What Proof Is Needed For a Transplant Malpractice Action?
Under Illinois law, professional negligence is that “committed by a doctor, nurse, healthcare provider, hospital or other institution” and is “the failure to do something that a reasonably careful physician, nurse, medical provider, hospital or other institution would do, or the doing of something that a reasonably careful physician, nurse, medical provider, hospital or other institution would not do, under circumstances similar to those shown by the evidence.” This is the first paragraph of the Illinois duty jury instruction of a healthcare provider or institution. See: Ill. Pattern Jury Instruction - Civil 105.01. The jury instruction on professional negligence continues on by asking the jury to consider whether or not the defendant physician, nurse, medical provider, hospital, or other institution was negligent and whether that is so considering all of the opinion testimony from qualified experts, evidence of professional standards, and evidence of rules, regulations, policies, and procedures that were presented in the case. The law does not say how a reasonably carefully physician, nurse, medical provider, hospital, or other institution would act.
Any organ transplantation case, which may include the implanting of a heart, lung, kidneys, liver, pancreas, cornea, and other vital organs, must apply the applicable standards of care.
In an important Illinois transplant case, the jury’s verdict in favor of the medical center was reversed by the appellate court. The plaintiff/patient was infected with HIV after receiving a kidney transplant from a donor who tested negative for the HIV infection but was still considered a high-risk donor. See: Doe v. University of Chicago Medical Center, 2014 IL App (1st) 121593 (Ill.App. 1 Dist. Sep 12, 2014), appeal denied, (Ill. Mar 25, 2015)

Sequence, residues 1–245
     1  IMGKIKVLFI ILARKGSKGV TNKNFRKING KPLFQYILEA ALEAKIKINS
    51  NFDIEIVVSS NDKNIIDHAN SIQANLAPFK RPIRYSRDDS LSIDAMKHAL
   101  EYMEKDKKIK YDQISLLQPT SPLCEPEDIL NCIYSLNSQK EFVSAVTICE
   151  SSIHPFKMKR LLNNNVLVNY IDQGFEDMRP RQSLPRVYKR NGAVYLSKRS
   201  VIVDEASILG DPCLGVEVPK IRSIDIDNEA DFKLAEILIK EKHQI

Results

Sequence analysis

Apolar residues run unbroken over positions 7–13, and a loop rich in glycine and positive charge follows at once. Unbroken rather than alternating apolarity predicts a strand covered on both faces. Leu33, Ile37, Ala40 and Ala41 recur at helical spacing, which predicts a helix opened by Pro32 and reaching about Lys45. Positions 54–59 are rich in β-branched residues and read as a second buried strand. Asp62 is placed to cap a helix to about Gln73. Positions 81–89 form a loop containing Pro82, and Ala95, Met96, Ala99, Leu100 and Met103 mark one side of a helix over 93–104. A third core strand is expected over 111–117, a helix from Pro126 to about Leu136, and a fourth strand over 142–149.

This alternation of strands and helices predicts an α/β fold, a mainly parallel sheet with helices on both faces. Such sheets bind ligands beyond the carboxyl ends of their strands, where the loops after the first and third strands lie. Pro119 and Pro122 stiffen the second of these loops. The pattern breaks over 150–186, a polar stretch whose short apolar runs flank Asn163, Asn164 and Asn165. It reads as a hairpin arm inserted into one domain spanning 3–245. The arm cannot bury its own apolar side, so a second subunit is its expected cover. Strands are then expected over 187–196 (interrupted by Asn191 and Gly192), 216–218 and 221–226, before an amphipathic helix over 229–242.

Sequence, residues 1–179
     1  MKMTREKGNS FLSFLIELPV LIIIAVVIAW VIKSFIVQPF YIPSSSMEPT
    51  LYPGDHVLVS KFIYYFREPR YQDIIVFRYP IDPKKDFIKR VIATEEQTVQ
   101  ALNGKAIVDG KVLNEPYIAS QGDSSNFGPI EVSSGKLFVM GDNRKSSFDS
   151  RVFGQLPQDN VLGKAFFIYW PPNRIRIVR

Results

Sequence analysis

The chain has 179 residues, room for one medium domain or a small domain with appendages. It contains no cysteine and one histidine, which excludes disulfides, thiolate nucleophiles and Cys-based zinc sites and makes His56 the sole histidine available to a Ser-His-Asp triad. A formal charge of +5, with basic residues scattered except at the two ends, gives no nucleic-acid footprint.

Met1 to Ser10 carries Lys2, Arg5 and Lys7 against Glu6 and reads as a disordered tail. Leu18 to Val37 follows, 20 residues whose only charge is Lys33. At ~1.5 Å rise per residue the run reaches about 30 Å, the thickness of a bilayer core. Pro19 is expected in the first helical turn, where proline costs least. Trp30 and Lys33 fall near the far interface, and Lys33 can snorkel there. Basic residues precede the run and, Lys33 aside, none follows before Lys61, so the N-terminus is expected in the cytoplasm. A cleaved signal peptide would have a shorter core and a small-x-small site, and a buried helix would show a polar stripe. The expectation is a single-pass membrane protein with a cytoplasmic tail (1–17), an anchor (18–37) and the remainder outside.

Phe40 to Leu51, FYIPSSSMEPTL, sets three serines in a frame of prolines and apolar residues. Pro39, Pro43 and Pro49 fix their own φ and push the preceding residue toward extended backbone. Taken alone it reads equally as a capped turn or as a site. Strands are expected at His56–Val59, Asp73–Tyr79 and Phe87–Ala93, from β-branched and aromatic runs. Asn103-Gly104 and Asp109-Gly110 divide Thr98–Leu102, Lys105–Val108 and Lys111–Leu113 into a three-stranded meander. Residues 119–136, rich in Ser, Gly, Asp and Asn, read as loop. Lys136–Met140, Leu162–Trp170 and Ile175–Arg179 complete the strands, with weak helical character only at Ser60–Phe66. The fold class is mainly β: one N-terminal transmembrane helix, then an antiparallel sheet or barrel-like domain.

In proving malpractice in a transplant case, it is good practice to examine the federal guidelines. In 1984, Congress established the Organ Procurement and Transplantation Network (OPTN), which created a network to be operated by a private not-for-profit organization under a federal contract. Tech: link Organ Procurement and Transplantation Network with: http://optn.transplant.hrsa.gov/. In the meantime, other not-for-profit organizations were created to supervise organ procurement. As in any transplant case, the professional negligence of the institution, physicians, and medical providers must be proved by a preponderance of the evidence. In the Doe v. University of Chicago Medical Center kidney transplant case the jury’s verdict in favor of the defendants was reversed because of a judge’s error in instructing the jury on the law.
In another significant Illinois case involving the transplant of a heart, the patient died after an unsuccessful heart transplant. See: Longnecker v. Loyola University Medical Center, 383 Ill.App.3d 874 (Ill.App. 1 Dist. Jun 25, 2008), appeal denied, 229 Ill.2d 670 (Ill. Nov 26, 2008) The patient received a diseased “hypertrophic heart.” The transplant cardiologist made an evaluation based on the donor’s medical history and the results of tests to accept or decline the donor heart. If the heart was preliminarily accepted, the procuring surgeon then would go to the donor hospital where he or she opens the donor’s sternum and visually inspects the heart and feels it for defects. Next, the procuring surgeon makes the “final phone call” where he or she reports the findings to the transplant surgeon, who decides whether to accept or reject the heart. If the heart is accepted, the procuring surgeon “cross-clamps” the donor heart, cutting off the blood supply and flushes it with a preservative solution. The heart is transported to the hospital where the transplant surgeon, who has removed the patient’s “native” heart, transplants the donor heart.
In the Longnecker case, time like any transplant case,